This is my tradition.

Love this article? Share your appreciation:

Related cruises

Falkland Islands - South Georgia - Elephant Island - Antarctica - Polar Circle
Up to 1800 USD discount

Falkland Islands - South Georgia - Elephant Island - Antarctica - Polar Circle

Meet at least six penguin species

HDS31-20. This Falkland Islands, South Georgia, and Antarctic Peninsula cruise is an animal-lover’s dream come true. The expedition explores one of the last untamed areas on Earth – a land of ruggedly beautiful landscapes and amazingly varied wildlife. Including photo workshops with Massimo Bassano and video...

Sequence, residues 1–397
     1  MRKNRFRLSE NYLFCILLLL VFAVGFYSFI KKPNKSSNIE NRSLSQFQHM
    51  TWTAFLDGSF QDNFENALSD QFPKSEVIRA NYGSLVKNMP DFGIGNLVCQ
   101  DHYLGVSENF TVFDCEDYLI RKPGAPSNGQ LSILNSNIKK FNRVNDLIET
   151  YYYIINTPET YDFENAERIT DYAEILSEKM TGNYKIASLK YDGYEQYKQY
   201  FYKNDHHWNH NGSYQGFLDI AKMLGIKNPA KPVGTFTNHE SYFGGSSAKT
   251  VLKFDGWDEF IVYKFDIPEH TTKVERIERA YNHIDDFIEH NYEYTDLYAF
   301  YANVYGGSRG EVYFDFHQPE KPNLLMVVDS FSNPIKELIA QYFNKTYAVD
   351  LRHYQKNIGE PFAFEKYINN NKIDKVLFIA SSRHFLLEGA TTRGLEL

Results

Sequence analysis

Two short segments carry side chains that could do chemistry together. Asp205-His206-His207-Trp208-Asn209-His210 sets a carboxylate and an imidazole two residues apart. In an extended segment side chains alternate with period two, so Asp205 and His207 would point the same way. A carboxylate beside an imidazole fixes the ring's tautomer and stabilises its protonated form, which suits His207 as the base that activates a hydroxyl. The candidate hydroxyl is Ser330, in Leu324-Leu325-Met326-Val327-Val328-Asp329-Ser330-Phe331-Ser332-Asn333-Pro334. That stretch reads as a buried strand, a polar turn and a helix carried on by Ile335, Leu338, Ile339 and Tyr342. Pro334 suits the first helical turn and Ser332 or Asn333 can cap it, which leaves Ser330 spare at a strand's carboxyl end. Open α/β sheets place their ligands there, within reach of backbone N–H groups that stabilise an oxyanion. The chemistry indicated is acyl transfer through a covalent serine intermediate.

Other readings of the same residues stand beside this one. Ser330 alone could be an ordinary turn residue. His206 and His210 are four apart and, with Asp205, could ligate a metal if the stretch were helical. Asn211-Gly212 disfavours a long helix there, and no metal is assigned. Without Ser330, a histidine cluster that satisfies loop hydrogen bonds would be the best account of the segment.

m/v Hondius

m/v Hondius

Cruise date:

24 Feb - 17 Mar, 2020

Price:

18500 USD 10900 USD 7600 USD discount

Antarctica - Whale watching discovery and learning voyage
Up to 2850 USD discount

Antarctica - Whale watching discovery and learning voyage

In search for the giants of the seas

HDS32-20. This Polar Circle and Antarctic Peninsula cruise will take you further south of Antarctica, crossing the Polar Circe. This expedition cruise passes through waters travelled by Humpback, Minke and Fin whales. Including photo workshops with Massimo Bassano and video workshops with Myriam Casper. Acous...

m/v Hondius

m/v Hondius

Cruise date:

17 Mar - 30 Mar, 2020

Price:

10450 USD 6250 USD 4200 USD discount

Antarctica - Polar Circle, Deep South Discovery voyage
Up to 1950 USD discount

Antarctica - Polar Circle, Deep South Discovery voyage